People talk about supporting the arts. I want to talk about a man who made his life and his business a support of musicians – a certain kind of musicians: musicians with bulky, cumbersome, delicate instruments. Like harps.
… also timpani, and big weirdly-shaped one-of-a-kind ‘early music’ instruments.
His name was Martin Jarman and for decades I never played anywhere in the Boston area without climbing into his van and watching him wangle my 6′ tall, 85-pound concert harp down the stairs and onto the pads in the back of his van, where there were sometimes as many as 4 other harps, all being transported for Boston harpists.
Martin was never on stage during a performance, but huge swathes of the Boston music community were on stage because of him.
His obituary described his work this way: “He expedited complicated multi-venue moves and adapted to the changing needs of musicians, stage crews and organizations…”
But let me tell it my way:
When you see a musician on stage, you might think about that what took to get them there: years of practice, lessons, sacrifice …
But you almost never think “How the heck did they get that instrument from their home and up onto that stage??”
But that’s a huge part of playing certain instruments. When you play a big, bulky, delicate instrument, getting it from place to place can be more challenging, exhausting and stressful than any other musical or career challenge. It’s one of the main reasons I collaborated for decades with the CAMAC company to create a portable, concert-quality harp I could actually fly with as baggage: I simply couldn’t work the logistics of getting a concert harp around the world on the tour schedule I had.
Because the rest of the world didn’t have what we had in Boston: we had Martin.
Each of the ‘weird-big-bulky-delicate’ instrument communities in Boston knew Martin in a different way. If you read his obituary, you’ll see the long list of Boston ensembles that he moved — and that the Cambridge Society for Early Music, honored him with the Arion Award for “Distinguished and Outstanding Contributions to Musical Culture.”
What? The guy who moves the instruments?
Yeah, him! We performers get the applause for a moving performance.
But who moves the movers?
For us, it was always Martin.
For harpists, Martin would come, dressed nice enough to walk through the posh hotels where we were hired for background music or parties – or the theaters where we played concerts — but comfortably enough to wangle harp, stands, benches and gear-bags.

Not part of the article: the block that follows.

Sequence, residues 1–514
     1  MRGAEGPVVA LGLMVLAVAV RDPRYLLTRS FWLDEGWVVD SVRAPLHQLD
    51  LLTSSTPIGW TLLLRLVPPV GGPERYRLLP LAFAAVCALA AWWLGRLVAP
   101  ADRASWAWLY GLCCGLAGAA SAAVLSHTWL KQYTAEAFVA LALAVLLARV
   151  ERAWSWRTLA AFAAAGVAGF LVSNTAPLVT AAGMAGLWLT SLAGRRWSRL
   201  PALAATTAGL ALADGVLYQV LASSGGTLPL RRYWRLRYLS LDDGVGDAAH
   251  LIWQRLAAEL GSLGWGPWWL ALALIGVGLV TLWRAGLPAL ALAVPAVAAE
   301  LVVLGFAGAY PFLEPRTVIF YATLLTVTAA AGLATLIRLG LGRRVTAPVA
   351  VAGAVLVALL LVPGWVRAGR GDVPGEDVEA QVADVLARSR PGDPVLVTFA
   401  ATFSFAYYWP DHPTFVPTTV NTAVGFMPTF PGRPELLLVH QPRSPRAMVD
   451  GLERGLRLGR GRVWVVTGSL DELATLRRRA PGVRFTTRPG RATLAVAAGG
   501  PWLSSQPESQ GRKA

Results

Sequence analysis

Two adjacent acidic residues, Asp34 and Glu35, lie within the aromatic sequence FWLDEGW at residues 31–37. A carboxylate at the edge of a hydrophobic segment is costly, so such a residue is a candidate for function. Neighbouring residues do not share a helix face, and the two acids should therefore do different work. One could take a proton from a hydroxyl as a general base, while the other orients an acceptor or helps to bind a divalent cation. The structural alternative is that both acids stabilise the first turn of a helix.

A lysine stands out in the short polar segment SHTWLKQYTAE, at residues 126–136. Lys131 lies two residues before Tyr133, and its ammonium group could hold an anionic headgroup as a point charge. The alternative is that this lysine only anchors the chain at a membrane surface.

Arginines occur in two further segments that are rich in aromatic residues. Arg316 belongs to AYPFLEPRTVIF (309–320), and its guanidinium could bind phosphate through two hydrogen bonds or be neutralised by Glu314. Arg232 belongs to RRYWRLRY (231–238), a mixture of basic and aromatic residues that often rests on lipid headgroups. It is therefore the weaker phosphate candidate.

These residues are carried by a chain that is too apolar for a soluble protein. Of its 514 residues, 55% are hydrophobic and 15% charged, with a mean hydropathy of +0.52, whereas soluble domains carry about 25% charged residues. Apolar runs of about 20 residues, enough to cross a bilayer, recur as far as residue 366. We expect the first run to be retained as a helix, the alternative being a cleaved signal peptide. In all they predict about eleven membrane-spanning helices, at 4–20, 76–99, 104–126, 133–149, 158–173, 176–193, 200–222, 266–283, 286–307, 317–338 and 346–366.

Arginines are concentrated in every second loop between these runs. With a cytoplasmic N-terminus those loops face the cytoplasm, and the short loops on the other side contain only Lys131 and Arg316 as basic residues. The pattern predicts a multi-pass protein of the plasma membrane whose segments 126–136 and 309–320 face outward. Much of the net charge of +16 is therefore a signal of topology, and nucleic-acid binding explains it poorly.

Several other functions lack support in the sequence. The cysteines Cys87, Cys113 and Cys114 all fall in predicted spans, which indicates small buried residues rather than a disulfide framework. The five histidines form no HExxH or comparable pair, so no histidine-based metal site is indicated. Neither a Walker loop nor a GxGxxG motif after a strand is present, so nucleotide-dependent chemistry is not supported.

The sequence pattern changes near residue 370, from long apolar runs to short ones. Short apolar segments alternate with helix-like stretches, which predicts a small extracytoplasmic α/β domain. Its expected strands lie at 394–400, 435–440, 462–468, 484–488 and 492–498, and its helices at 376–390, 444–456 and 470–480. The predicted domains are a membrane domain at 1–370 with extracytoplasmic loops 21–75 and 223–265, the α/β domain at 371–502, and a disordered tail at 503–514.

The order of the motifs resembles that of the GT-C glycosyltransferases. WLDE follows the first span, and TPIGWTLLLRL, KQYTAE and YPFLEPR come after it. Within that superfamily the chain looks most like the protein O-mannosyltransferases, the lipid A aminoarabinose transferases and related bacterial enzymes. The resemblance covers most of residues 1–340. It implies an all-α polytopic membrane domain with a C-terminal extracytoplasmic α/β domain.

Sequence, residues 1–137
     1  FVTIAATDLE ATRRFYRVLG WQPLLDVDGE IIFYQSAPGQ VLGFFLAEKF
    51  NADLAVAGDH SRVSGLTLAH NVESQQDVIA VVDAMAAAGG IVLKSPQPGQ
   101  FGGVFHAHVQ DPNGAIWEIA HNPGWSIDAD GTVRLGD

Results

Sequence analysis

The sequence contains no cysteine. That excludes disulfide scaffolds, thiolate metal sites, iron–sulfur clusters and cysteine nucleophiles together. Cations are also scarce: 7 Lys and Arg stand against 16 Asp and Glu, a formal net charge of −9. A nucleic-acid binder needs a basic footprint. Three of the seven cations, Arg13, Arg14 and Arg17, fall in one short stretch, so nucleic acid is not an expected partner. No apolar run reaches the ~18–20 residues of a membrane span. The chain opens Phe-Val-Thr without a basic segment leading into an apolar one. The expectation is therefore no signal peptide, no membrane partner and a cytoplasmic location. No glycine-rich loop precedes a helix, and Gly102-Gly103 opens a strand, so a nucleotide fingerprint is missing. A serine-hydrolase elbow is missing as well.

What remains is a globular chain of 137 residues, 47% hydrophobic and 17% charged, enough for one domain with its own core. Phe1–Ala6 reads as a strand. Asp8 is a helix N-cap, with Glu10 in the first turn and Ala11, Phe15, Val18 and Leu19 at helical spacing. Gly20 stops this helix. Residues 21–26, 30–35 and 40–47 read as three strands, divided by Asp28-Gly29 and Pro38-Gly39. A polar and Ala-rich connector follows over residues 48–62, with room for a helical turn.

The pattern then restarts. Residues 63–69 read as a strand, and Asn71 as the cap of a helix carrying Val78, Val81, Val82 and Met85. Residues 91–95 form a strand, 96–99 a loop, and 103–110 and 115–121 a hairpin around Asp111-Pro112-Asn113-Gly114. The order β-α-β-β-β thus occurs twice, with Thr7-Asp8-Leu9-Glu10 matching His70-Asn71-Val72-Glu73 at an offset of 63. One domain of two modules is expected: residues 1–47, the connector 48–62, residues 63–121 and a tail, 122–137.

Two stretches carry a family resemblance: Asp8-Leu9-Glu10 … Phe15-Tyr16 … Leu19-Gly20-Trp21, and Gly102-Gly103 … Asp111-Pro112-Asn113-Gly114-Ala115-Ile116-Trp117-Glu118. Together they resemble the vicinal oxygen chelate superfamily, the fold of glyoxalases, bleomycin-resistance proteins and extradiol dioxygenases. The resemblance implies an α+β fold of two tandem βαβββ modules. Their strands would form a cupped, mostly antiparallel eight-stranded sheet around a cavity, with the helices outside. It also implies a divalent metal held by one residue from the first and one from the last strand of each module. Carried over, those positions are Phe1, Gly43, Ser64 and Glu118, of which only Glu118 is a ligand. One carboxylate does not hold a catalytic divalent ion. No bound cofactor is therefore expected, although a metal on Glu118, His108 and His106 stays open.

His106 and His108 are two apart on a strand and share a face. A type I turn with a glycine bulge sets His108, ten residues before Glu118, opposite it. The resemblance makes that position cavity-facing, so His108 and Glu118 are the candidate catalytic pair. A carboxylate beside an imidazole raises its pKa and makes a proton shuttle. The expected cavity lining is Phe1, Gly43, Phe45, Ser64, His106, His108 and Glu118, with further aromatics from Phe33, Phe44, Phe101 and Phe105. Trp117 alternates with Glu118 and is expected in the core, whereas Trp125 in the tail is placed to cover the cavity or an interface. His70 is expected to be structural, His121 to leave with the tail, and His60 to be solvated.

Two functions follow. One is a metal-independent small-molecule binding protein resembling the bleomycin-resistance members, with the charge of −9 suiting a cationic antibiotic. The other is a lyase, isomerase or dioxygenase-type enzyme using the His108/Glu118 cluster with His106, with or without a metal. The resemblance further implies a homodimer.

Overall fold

He knew all the rules of all the hotels and theaters in Boston: which fancy hotels didn’t allow musicians in the front door and required us to enter through loading docks and kitchens, where the stage doors were, how to get from the service elevator to the ballroom … or the theater … or the boat.
Yeah… the boat. Martin used to tell the story of the night I played on a boat in Boston harbor. When the boat docked early, and my ride was leaving, I left my harp lodged into a corner on the boat, so it wouldn’t fall and told them when Martin would be arriving.
But apparently the boat had to leave early and someone kindly removed my equipment.
So when Martin arrived, what he saw was a dark, empty dock and my harp bobbing up and down on the floating pier.
I became so dependent on Martin that I had it written into my contracts that for any performance in the Boston-area, my harp would be moved by him and him alone. If anyone rented my harps, the contract stipulated that he would move them.
As I started working with the CAMAC company to develop a transportable harp and performed more outside of the Boston-area, I saw Martin less and less. Fewer late-night conversations during drives in the van, fewer proudly displayed pictures of his kids … but in all the years I knew him, in all the van drives, it never occurred to me to ask him how he got started doing this.
I never thought about that at all until I was sitting in the hospice.
I was there – at Mass General– because harpist Cynthia Price-Glynn had written to every harpist in the Boston area to tell us about Martin’s condition, and to make a schedule that would let us each come visit this man who’d supported us with his body and mind for decades.
I threw my smallest harp onto my bike — thinking about the irony of how many huge instruments Martin had transported for me – and biked to the subway, which took me direct to the hospital.